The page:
05 May 2000 - 07 May 2000

The international impact and accountability of NGOs

Chair: The Hon Sara Morrison

Over a gloriously sunny weekend at Ditchley we looked at the international impact and accountability of Non-Governmental Organisations.  When we last looked at Civil Society, some five years ago, our predecessors were not wholly confident how to describe what appeared to be a new phenomenon.  Five years later we had no doubt of the existence of a strong and influential force at work under the generic title of NGOs.  But we still needed to debate the question whether Civil Society went wider than NGOs, and considered, on the whole, that it did.  We also distinguished between the differing characteristics of small domestic NGOs, large national and international NGOs, rich Northern NGOs, relatively poor – but locally influential – Southern NGOs, advocacy and aid delivery NGOs – some of which did both.  We agreed that attempting to draw general conclusions or distil common principles and practices for such a heterogeneous collection of organisations was an exercise fraught with qualifications.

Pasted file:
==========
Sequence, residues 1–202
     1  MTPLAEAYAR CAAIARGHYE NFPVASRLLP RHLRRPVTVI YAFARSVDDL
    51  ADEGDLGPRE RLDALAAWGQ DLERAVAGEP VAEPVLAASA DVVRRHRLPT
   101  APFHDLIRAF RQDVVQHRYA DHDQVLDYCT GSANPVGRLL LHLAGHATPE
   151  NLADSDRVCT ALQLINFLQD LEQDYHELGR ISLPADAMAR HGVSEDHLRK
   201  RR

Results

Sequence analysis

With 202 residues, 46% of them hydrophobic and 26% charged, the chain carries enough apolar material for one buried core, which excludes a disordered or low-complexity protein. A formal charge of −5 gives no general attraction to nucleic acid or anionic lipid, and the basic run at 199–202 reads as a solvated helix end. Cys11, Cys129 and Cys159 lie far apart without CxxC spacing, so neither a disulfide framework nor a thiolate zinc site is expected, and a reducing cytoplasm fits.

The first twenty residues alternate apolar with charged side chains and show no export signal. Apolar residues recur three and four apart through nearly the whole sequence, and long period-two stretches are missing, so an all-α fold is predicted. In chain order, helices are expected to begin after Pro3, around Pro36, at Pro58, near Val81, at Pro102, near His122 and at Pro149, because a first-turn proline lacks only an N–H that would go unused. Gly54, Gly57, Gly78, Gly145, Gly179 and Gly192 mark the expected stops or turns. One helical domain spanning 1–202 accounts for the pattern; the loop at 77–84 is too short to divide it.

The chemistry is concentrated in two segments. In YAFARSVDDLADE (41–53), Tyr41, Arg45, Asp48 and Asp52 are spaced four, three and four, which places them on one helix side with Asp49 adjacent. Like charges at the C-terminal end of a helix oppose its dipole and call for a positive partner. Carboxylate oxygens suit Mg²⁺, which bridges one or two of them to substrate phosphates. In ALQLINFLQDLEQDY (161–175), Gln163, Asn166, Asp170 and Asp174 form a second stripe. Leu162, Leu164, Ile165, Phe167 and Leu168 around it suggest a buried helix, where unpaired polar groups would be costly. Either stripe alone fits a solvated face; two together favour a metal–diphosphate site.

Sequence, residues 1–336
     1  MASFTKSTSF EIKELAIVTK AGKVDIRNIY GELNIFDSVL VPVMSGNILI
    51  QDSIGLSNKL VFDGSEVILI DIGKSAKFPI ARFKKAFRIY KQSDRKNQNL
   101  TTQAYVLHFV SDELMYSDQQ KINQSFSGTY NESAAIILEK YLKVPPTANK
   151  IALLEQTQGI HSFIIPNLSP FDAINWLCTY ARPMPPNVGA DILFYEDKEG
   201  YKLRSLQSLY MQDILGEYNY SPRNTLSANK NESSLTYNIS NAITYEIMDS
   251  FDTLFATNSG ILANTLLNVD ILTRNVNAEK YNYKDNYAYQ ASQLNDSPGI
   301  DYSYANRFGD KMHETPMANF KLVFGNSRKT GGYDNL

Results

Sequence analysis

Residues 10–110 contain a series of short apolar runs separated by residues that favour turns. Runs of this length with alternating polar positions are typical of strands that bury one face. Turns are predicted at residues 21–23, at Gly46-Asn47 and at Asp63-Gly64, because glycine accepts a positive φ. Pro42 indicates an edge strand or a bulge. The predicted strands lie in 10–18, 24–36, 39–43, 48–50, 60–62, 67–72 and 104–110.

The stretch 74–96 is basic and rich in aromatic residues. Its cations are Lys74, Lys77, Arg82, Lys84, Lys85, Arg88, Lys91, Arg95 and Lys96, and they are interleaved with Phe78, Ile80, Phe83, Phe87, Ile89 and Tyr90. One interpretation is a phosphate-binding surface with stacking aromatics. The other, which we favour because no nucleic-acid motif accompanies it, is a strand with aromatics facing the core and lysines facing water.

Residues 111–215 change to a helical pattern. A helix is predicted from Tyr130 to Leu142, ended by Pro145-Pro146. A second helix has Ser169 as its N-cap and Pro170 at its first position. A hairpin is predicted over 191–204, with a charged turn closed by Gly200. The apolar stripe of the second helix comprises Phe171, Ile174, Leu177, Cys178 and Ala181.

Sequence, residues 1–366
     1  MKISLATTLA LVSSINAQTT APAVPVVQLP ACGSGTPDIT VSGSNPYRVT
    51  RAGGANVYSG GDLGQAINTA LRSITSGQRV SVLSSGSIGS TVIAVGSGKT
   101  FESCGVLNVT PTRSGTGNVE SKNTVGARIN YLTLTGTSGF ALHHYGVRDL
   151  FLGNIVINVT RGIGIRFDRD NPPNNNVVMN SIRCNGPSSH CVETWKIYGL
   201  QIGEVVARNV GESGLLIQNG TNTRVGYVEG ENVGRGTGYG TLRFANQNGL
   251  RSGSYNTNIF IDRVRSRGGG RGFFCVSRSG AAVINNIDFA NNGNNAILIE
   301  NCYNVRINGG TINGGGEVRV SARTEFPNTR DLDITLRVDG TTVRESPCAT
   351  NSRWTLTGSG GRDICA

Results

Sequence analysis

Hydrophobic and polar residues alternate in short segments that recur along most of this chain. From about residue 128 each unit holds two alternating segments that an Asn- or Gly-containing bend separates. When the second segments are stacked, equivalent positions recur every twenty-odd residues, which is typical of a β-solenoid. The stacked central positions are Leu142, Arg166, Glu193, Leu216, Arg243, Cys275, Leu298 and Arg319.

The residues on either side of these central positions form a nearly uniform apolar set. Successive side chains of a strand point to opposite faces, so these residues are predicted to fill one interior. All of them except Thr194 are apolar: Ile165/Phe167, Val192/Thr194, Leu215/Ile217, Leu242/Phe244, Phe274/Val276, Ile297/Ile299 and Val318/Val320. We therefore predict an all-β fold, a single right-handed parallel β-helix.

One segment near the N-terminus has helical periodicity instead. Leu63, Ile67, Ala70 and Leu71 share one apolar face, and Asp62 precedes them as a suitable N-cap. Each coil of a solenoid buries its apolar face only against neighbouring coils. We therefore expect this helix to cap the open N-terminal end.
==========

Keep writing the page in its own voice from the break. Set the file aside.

Whatever the problems of classification, we readily agreed that in the past few years the growth in number and influence of NGOs had been remarkable.  We accepted that the context in which they were now operating was different in several important respects from a decade ago.  Following the collapse of the Soviet Union and diminution of the threat of a nuclear exchange between the super-powers, the role of Governments had generally declined as had respect for their authority.  This had occurred at a time when the IT revolution had given unprecedented access to information to millions of people world-wide together with the ability, instantly, to transcend national boundaries in coordinating views and lobbying tactics among like-minded groups.  The power of the internet had allowed NGOs to fill vacuums left by political parties and Governments who had moved much more slowly in addressing the environmental, economic and human rights concerns of their electorates.  We were reminded of the grim fact that 3 billion people existed on less than $2 a day.  We were also reminded that not all information acquired via the internet was necessarily accurate.